Recently Discord (by the way check out our server) has announced that they will finally be selling games on the platform. The move (a genius one at that) comes after Discord has spent years cultivating the PC gaming culture as the defacto VOIP and chat platform for PC gamers. If you play on a PC or even have a faint interest in gaming on one, you most likely have at one point or another have been exposed to Discord. For those with a little bit more history behind them, they may remember such VOIP services like Teamspeak and Ventrilo as the dominant service, but Discord has become the modern choice, and unlike those other programs, is looking to capitalize on its market and see if it can expand its offerings. Of course, for Discord to succeed, it will need to deal with the giant elephant in the room, Steam. Which no matter how much of a base you might have or cultivated, is most likely not enough to take the behemoth down.
But just because there isn’t a right time, doesn’t mean there shouldn’t be a time, and Discord has one of the best chances as any to at least give Steam a run for some of its money, and we all should be in support of it.
When it comes to the PC gaming market, it’s a bit of a double-edged sword. On one hand, we have had an increasingly large amount of launchers and systems become popular as every developer that makes a game for the PC feels it needs some sort of system. While this can be beyond frustrating dealing with so many launchers, it does come with a benefit of increased competition. With many of them (as they are developer-specific) have no hopes of toppling Steam (or want to), they do still perform an extremely useful function, they create competition.
Steam as a platform has never been one to be at the forefront of development. In fact, when Steam first launched, it was seen largely as a huge burden and just as an excuse to implement DRM on Valve games. Eventually, the platform would improve and evolve into a form not too far off from what we see today, an all-encompassing PC gaming platform that allows buying and playing games digitally. Thankfully, Valve isn’t in the market to become the sole monopoly in the market, rather, Valve seems entirely content with setting up a system such as Steam and just continually (albeit slowly) updating it to stay competitive. After all, at this point, most own their games for PC on Steam, and once you are in the system it is a lot harder to leave.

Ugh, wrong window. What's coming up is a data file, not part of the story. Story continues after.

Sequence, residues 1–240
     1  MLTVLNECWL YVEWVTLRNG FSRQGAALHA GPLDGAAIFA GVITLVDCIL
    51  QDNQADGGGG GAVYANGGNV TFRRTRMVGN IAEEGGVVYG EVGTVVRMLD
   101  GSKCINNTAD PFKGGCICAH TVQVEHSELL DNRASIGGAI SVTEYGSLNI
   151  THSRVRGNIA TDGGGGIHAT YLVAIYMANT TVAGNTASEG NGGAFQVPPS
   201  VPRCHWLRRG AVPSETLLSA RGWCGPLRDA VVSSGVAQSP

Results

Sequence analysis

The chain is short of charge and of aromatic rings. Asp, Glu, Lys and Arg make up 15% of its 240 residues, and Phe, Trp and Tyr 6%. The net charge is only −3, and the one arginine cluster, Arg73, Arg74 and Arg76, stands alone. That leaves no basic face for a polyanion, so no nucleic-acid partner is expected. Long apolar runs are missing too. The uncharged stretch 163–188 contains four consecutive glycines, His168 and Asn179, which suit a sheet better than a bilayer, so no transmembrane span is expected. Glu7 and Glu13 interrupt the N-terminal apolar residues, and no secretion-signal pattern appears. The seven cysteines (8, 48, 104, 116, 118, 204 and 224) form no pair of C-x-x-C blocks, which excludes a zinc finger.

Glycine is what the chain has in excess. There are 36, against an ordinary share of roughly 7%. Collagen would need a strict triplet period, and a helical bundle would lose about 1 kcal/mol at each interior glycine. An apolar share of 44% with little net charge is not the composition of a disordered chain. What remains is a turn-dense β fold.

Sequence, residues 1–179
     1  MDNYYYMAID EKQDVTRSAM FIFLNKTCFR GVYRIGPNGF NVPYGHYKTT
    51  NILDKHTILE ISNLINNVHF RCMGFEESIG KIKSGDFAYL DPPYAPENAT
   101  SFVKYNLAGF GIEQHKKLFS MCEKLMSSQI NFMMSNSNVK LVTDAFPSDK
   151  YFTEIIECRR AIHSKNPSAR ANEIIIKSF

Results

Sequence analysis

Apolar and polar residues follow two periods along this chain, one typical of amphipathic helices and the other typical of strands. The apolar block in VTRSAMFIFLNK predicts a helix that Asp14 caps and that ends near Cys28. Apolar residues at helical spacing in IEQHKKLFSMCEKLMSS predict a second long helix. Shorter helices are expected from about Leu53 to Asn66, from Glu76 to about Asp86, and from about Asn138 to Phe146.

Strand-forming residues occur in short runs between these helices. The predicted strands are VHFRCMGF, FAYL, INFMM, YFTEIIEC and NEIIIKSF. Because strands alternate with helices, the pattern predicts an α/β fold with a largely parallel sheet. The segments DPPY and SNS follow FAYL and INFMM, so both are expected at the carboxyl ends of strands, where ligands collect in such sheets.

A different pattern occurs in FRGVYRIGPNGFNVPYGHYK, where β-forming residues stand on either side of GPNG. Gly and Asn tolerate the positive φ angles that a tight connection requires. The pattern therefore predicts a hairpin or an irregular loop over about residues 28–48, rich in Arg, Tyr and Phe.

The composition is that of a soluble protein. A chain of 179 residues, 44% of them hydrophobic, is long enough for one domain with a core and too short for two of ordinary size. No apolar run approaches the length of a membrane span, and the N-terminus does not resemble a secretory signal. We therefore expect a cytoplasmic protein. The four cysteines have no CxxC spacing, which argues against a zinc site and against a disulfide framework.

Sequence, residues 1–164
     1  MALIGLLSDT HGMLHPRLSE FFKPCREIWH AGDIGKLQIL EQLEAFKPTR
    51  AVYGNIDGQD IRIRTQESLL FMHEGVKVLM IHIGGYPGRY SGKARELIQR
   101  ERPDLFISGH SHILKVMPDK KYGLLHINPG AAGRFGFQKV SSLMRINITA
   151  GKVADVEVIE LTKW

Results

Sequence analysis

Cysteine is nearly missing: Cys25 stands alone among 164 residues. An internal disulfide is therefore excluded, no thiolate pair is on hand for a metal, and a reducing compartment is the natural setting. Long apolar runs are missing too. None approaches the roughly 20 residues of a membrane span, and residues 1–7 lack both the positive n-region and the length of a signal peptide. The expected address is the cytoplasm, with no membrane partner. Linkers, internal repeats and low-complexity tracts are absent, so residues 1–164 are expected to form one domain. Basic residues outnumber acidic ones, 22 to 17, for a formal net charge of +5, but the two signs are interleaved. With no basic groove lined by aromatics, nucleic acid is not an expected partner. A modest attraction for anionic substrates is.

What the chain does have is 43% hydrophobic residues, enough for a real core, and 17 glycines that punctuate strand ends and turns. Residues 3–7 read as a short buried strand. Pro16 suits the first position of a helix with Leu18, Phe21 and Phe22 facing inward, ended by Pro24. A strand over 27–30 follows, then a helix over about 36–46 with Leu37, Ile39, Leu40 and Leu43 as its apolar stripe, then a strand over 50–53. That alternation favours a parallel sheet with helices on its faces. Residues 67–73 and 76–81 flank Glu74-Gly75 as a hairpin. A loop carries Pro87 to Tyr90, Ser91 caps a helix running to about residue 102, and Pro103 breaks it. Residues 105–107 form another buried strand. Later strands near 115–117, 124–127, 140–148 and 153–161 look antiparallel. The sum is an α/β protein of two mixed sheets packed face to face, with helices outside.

Because Valve is poised to simply maintain rather than take over or grow, many in the PC gaming realm have not come to see Valve as a monolithic entity that is controlling the PC gaming market, rather Steam simply being the best means to an end at this time. But this is also the main issue with Valve and Steam, there is no push, no need to improve because they are simply at the top and have no signs of being moved from the top due to their long-standing dominance. It is what makes Steam such an intimidating company for competition and why there is no right time to compete with them, being better isn’t good enough to compete with Steam, it’s the starting line and need be able to build from there.
It is why we have seen companies as of late who are opting to start a new platform to sell PC games, be a platform that already exists in some capacity. Take Twitch for example, when it was bought from Amazon (who already sells digital games) one of the earlier features added to the platform was the ability to buy, purchase, and play games from the Twitch client. This has become especially most notable with Amazon’s monthly Twitch offers for existing Prime users for free in-game items and free games as well. If Twitch didn’t already have a large following, it would have never been able to compete with Steam on any meaningful level. If you as a consumer have everything already on Steam, with no ability to move them, and little reason to, why would you? You wouldn’t. But now, a competitor has come along, one that you are already invested in, and now starts offering games? Now that no turns at least into, a maybe.
Yes, this fractures the PC market even further and makes things more convoluted, but that chaos and confusion breed much-needed competition. Even if you had no intention of leaving Steam or are completely fine with the way it operates, having more companies enter into the market can only benefit the market greater. Either a company will provide much-needed pressure on Valve, or will become the next big platform that all of us will use. In both scenarios, we as consumers largely come out to be the victor. We should want more companies to give Steam some pressure, because Steam, and at large, the PC gaming market needs it to stay competitive.